|Weapons||Rapier & Main Gauche, Wheel Lock Pistol, Flintlock Musket, Grenade|
|Origin||Kingdom of France|
|Activities||King's personal guard|
|Battle Status||Won vs. Ming Warrior|
|Experts||Xavier Declie (French Combat Historian)|
Luke Lafontaine (Sword Master)
"So everybody was afraid of the Musketeer. They were the elite bodyguards of the king of France."
-Xavier Declie, French Combat Historian
Musketeers, the king's ruthless personal guard and fierce defenders of France's borders;
vs. the Ming Warrior, the merciless 14th Century weapons innovators who launched China's greatest dynasty.
- 1622 - 1776
- Height - 5' 9"
- Weight - 160 lbs
- Armor - Steel Cuirass
- Symbol - Cross with a Fleurdelis at each end( Which is the emblem of King Louis VIII)
Musketeers are basically any warrior that wields a musket. One of the most famous examples of an early Musketeer were conquistadors, who showed the effectiveness of the gun by quickly conquering Latin America.
In 1622, Louis XIII formed the French Musketeers of the Guard as his personal bodyguards. In 1776, due to the collapsing economy, King Louis XVI disbanded the faction. In 1814, Napoleon revived the Musketeers in an attempt to save his collapsing Empire. In 1816, the fall of Napoleon re-disbanded the Musketeers.
|Close-Range||Rapier and Main Gauche 195|
|Mid-Range||Wheellock Pistol 178|
|Long-Range||Flintlock Musket 275|
|Special Weapon||Grenade 26|
The French Musketeers wore a steel cuirass which effectively protected their torso. While it was much lighter compared to plate armor, it left rest of the body undefended giving it a disadvantage. They also wore their signature cape and hat.
The battle starts with a band of five Musketeers making their way through a forest. Up ahead, four Ming Warriors emerge from er aims his Flintlock Musket at the head Ming Warrior. Just as the Ming Warrior makes his battle cry, the Musketeer shoots and kills him.
The Musketeers then advance towards their enemy, with the one struck in the leg struggling to keep up. One of the Ming Warriors readies his 3-Barrel Pole Gun and fires at the Musketeers. One gets hit and knocked to the ground, but survives due to his armor stopping the projectile. The Ming Warrior prepares to fire another shot, but a Musketeer shoots him with the musket before he gets a chance. He falls over and rolls down the hill. The Musketeer shot by the Pole Gun is assisted in getting back onto his feet, only to be shot in the head by another Ming Warrior's Pole Gun. The Ming Warrior then retreats further back. A Musketeer sticks a bayonet onto his Flintlock Musket and walks up to the injured Ming Soldier. The Musketeer steps on him and jams the bayonet into him, killing him.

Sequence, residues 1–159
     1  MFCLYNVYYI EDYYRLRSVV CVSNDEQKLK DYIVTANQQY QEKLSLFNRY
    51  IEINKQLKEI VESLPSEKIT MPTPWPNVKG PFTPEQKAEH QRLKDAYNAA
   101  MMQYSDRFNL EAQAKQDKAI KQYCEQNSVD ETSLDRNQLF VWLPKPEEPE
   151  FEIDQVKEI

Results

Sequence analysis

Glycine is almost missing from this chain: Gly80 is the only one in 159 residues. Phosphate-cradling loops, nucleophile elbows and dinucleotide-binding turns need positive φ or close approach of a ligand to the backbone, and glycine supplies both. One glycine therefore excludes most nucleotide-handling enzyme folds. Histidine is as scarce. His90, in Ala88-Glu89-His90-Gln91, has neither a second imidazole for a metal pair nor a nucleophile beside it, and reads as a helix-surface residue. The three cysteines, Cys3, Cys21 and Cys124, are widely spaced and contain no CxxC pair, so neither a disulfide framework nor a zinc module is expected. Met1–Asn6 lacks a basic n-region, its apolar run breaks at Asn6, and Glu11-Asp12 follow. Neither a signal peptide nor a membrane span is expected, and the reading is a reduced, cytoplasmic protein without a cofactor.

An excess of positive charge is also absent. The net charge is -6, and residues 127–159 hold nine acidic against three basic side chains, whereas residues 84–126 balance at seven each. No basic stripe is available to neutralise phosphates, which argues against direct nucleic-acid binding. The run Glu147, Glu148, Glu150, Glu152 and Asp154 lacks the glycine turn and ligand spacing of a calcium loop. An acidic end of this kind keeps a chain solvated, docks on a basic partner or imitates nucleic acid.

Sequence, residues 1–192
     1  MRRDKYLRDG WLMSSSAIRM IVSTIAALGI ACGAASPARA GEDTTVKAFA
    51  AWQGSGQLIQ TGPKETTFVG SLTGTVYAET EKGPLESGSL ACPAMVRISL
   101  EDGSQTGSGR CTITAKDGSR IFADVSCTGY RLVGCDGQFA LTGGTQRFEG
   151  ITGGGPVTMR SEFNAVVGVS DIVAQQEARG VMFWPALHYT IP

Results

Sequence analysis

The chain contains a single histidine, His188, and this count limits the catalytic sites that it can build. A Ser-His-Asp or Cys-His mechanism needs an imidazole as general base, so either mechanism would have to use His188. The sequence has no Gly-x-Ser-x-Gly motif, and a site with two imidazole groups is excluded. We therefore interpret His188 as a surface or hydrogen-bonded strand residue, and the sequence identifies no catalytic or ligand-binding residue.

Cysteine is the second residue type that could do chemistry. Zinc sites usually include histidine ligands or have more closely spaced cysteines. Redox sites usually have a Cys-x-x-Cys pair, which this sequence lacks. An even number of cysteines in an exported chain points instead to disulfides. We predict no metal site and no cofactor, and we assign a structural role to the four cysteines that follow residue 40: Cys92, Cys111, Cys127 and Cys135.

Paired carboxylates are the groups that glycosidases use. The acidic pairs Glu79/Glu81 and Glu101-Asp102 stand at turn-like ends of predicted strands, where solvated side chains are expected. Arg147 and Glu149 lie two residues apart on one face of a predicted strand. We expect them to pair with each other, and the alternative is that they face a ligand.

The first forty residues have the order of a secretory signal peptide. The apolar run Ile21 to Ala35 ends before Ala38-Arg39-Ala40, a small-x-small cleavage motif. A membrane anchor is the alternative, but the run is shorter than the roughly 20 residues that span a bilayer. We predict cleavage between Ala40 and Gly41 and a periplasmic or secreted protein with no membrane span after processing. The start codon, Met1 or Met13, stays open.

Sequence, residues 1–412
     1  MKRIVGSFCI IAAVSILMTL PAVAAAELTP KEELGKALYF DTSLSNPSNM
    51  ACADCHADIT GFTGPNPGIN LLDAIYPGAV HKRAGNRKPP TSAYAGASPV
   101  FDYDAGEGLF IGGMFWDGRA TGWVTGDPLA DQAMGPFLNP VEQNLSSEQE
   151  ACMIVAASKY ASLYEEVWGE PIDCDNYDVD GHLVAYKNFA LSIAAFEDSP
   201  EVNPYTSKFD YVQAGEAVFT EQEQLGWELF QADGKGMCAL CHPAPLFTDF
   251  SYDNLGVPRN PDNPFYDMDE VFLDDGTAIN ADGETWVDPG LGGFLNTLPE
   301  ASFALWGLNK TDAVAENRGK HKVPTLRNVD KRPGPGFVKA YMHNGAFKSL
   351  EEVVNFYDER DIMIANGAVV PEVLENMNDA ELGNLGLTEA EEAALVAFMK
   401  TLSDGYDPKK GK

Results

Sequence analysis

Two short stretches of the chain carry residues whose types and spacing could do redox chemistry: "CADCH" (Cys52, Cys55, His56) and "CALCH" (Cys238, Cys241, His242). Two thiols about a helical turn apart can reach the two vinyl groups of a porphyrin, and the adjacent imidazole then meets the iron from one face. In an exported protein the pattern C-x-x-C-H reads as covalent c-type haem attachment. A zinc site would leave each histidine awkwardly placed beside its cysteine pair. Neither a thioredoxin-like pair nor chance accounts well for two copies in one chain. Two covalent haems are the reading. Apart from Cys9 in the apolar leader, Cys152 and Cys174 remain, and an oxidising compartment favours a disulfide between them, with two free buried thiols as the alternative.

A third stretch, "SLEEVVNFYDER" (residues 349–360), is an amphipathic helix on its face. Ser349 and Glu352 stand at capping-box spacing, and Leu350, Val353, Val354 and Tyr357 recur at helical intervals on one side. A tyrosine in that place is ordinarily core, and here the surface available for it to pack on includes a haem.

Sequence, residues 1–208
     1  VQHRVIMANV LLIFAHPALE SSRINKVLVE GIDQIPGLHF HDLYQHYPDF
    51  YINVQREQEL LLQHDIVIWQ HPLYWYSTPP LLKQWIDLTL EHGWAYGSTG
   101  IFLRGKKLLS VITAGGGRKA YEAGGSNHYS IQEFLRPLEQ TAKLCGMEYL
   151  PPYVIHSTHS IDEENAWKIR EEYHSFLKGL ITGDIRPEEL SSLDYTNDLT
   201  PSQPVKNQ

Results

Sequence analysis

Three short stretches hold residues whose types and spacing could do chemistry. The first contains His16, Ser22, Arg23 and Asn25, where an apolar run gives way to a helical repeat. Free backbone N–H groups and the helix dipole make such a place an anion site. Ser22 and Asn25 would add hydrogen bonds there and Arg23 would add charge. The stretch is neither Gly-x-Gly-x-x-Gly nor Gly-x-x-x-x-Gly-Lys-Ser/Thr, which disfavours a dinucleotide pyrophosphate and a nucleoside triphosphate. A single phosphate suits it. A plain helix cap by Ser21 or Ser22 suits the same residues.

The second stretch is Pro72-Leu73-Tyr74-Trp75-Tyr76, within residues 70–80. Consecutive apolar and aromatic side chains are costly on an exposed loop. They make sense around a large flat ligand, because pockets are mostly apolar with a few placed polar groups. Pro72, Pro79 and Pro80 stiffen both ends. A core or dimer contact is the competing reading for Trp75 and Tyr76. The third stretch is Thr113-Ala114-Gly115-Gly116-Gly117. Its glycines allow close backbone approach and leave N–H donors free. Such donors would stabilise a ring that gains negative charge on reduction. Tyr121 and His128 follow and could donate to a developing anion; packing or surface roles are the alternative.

The Musketeers regroup and continue to run after the three remaining Ming Warriors. The Ming Warrior that killed the first Muskeeter desperately tries to escape, passing by the sword stuck in the ground. As the Musketeers chase him down, the injured one takes notice of the sword. Thinking that it would be of use later, he hobbles up to the sword and pulls it out. The land mine goes off and kills the Musketeer. The others see his bloody body and briefly mourn him before advancing toward the Ming Warriors. The Ming Warrior running from the Musketeers fires his Pole Gun again and kills a Musketeer. Another tries to shoot him with his Musket, but misses. The Ming Warrior hides behind a rock and desperately tries to reload his weapon. The two remaining Musketeers hear him as they approach the rock. One pulls out his Grenade while the other lights it with his match. The Musketeer hurls the Grenade over the rock, which blows up and kills the Ming Warrior.
As the Musketeers look at his dead body while passing by, another Ming Warrior jumps out with his Dao sword and kills one of them with a strike to the neck. The head Musketeer tries to fire his Wheellock Pistol, but it winds up jamming. He throws it aside and pulls out his Rapier. The Ming Warrior tries to attack the Musketeer, but is shoved aside. The Ming Warrior tries again, but the Musketeer parries and stabs him in the stomach. The Ming Warrior falls to the ground and dies.
The Musketeer hears a yell and turns around, only to find the head Ming Warrior standing on a cliff above him and also armed with a Dao. The Musketeer climbs up and engages the Ming Warrior in a sword fight. Eventually, the two fighters lock swords. The Musketeer uses this moment of opportunity to pull out his Main Gauche. He closes in and stabs the Ming Warrior in the stomach with the Main Gauche. He pulls it out and allows the Ming Warrior to fall to his death. The Musketeer raises his sword and yells out "Vive le Roi!" (Long live the King).
According to the experts, the most decisive factor in the Musketeers' victory was their armor, as it prevented their opponents from harming their vital spots. Since this fight focused more in long-range gunsmanship, the fact that the Ming armor offered little to no protection against the Musketeers' guns while the Musketeers' armor was almost impervious to the Ming weaponry ultimately decided the battle.
- The design of French Musketeers changed about every 50-70 years. The one in the show uses the design of the early 1700s.
- As the new Musketeers were defeating the then primitive Knights during the early 1500s and 1600s, the Musketeers were seen as dishonorable against chivalrous Knights for being able to kill them at a distance with no skill. However the performance of the Musket in warfare soon made Musketeers popular and Knights extinct.
- The Musketeers of the Guard were formed under Louis XIII. Ironically, Louis XIII is in the Three Musketeers stories and is depicted as a corrupt king.
- The word 'Musketeer' can refer to any warrior using a musket. The Ming Warriors are technically Musketeers, so are other warriors using muskets like Conquistadors, Streltsy, Pirates, the Continental Army and the Grand Armée.